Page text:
Despite the continuous expansion of the power grid in Africa, 80% of the power-deficient areas are located in remote areas, and it is difficult to connect to the public grid in a short period of time. To achieve the goal of renewable energy (SDGs) for all citizens in 2030, distributed photovoltaic energy A good solution to this problem.

The intensity of solar radiation in Africa is high, and the cost of photovoltaics continues to decrease. In addition, in order to promote the development of renewable energy, the local government provides subsidies to families under financial pressure and supports the installation of off-grid distributed photovoltaics. In the future, photovoltaics are expected to play an important role in the process of promoting electricity access for African people.

Business model of photovoltaic operation

5.1 M-KOPA mode

Founded in 2011, M-KOPA is Kenya’s leading off-grid electricity bill payment company and the same founder as M-PESA, the largest mobile bank in sub-Saharan Africa. With the increasing popularity of local smart phones, M-KOPA (M=mobile, KOPA= to borrow) combines mobile payment with GSM. They provide users with 8W solar panels, 3 LED lights, 1 portable rechargeable flashlight, 1 household USB with 5 ports, 1 rechargeable radio and 1 20W 16-inch digital TV. Consumers use mobile phones to pay monthly installments for the photovoltaic system. Once the consumers stop paying, the system will shut down, and after the consumers pay, the system will start running again. The price is basically the same as Uganda and Tanzania. The down payment is 30 US dollars and 60 US dollars, and the daily installment payment is 0.5 US dollars and 1 US dollars. The frequency and amount of payment depend on the consumer’s choice, but the payment must be completed within the agreed period (payment The period ranges from 380 days to 570 days).

The reason this model can prevail is that smartphones continue to penetrate locally, and local mobile phone companies directly associate payment services with mobile phone accounts without opening a bank account. Kenya, Namibia and South Africa are leading mobile payment technologies. Mobile payment is also very popular in Gabon, Ghana, Uganda, Zimbabwe, Rwanda and Tanzania. In other countries, mobile payment users are also blooming everywhere.

5.2 Urban electrification in Congo

The city of Manono in the Democratic Republic of Congo has approximately 50,000 residents and was powered by only one diesel generator until Group Forrest and the photovoltaic company ENERDEAL initiated an urban electrification project, including the creation of a photovoltaic project, and The 21-kilometer-long MV/LV transmission grid provides power to the city to promote the electrification of the city.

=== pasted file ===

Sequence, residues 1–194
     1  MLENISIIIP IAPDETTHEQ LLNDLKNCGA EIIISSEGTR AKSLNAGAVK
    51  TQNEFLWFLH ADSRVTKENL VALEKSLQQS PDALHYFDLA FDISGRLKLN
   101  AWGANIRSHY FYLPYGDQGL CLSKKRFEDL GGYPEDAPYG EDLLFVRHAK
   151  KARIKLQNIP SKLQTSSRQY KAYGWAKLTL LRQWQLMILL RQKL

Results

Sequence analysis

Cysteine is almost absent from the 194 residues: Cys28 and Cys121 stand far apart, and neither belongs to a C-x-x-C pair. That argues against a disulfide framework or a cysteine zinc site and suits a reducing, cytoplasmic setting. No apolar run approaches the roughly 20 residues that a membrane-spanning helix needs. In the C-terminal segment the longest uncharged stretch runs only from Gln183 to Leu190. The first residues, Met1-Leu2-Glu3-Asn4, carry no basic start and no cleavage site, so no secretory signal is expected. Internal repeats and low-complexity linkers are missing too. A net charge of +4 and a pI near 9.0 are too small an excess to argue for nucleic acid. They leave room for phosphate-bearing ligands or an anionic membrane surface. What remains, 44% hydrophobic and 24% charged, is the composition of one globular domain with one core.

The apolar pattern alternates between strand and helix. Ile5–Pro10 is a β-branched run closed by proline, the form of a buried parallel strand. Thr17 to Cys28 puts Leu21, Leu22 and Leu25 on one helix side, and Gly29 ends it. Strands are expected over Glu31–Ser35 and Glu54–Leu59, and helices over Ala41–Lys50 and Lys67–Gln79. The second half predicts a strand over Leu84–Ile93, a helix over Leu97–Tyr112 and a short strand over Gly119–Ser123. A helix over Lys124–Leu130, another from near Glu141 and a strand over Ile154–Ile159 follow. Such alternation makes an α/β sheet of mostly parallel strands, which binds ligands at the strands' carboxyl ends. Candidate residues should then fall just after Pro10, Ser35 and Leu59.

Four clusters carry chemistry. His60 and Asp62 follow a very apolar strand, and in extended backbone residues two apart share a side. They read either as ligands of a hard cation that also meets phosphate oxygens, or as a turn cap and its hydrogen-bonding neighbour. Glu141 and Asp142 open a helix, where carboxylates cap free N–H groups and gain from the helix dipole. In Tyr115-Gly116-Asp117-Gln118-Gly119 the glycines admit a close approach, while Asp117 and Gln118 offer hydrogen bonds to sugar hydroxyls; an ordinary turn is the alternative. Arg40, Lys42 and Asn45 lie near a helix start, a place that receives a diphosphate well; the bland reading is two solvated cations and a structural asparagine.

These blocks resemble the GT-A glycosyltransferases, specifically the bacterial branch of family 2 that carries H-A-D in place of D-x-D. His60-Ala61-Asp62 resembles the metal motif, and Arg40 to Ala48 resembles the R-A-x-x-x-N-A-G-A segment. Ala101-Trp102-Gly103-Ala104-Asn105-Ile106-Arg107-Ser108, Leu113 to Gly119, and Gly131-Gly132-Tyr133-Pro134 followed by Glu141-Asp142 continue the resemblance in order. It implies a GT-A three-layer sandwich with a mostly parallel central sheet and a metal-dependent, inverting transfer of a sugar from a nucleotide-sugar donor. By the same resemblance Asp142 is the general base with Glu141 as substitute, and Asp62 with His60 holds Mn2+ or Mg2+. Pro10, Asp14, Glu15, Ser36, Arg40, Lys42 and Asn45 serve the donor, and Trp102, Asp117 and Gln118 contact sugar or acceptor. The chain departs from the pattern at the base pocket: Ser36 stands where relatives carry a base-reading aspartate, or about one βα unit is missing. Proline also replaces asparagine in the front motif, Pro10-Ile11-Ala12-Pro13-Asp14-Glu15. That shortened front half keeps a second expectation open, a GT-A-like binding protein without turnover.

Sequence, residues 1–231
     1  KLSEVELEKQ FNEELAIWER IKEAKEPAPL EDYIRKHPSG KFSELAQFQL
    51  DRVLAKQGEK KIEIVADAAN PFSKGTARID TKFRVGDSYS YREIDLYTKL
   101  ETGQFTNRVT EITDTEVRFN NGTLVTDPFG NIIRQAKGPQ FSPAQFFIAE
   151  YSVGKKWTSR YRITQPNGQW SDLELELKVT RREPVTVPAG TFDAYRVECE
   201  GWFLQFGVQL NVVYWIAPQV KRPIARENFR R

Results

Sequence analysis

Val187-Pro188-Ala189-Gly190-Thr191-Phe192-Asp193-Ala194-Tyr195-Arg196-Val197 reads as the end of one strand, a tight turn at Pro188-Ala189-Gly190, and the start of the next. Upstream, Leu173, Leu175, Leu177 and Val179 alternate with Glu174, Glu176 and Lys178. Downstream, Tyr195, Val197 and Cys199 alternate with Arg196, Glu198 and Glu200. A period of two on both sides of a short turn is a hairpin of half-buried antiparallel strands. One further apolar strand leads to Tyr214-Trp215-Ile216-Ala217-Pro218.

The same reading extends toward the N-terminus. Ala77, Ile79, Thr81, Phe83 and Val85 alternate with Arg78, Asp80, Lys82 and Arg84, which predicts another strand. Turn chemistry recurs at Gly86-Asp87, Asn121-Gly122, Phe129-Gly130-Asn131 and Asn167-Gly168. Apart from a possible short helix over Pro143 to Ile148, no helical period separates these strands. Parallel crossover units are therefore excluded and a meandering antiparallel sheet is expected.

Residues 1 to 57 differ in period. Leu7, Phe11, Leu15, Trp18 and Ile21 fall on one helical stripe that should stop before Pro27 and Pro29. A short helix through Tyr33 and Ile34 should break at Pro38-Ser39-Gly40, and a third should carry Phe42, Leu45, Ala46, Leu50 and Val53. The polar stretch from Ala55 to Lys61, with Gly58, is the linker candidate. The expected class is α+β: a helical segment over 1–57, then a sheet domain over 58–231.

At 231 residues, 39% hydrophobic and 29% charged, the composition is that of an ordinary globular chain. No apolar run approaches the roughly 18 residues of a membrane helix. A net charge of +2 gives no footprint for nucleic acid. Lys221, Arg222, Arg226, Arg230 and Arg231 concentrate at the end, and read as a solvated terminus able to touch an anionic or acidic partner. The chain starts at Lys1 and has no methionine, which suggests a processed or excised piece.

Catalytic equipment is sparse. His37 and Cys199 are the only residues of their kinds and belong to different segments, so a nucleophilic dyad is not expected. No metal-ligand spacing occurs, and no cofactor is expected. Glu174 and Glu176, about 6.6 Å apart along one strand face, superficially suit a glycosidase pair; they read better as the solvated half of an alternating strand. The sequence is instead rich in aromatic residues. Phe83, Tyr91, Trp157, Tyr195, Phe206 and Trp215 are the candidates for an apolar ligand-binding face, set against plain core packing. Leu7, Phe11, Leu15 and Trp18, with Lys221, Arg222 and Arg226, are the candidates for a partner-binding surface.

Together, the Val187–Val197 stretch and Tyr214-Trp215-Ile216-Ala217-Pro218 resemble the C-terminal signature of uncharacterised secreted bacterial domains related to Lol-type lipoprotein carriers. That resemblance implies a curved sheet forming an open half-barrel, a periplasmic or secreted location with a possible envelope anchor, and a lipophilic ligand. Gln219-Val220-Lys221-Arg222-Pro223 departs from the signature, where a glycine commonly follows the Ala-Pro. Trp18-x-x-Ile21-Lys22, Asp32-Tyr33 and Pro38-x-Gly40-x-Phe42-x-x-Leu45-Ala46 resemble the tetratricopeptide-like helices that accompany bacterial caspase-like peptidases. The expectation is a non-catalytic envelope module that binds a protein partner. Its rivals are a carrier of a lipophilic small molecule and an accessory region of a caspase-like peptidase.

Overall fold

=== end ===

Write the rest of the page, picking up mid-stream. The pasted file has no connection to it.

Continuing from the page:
5.3 Photovoltaic with diesel generator

Most remote areas in Africa use diesel generators to generate electricity. Until recently, photovoltaics were considered a good complement to diesel generators, reducing energy consumption by 20% to 50%. Especially high oil prices and high freight (in some places far away from cities, the cost of oil is as high as $5 per gallon). The price reduction of batteries promoted the use of local storage batteries, the use of photovoltaic power generation, and the storage of excess electricity in storage batteries, this business model was promoted as a model in Madagascar.

5.4 International agencies assist the photovoltaic industry

Since 2018, the European Union, the German government, the United States Agency for International Development and the Nigerian government have cooperated with six photovoltaic microgrid pilot projects to help 15,000 people in Nigeria connect to electricity. These residents no longer rely on diesel generators. Photovoltaic power can be used for crop irrigation, cocoa Commercial activities such as dehydration, forging, woodworking, restaurants and hotels.

5.5 Desert Project

The desert plan was originally proposed by Trans-Mediterranean Renewable Energy Corporation. It is necessary to use photovoltaic power generation on a large scale in desert areas and use high-voltage lines to transport them to consumption areas.

However, this plan is still immature. The cost of solar panels and the emergence of new photovoltaic project models make this “desert plan” possible, which will greatly promote the development of the photovoltaic industry and output low-cost, pollution-free electricity.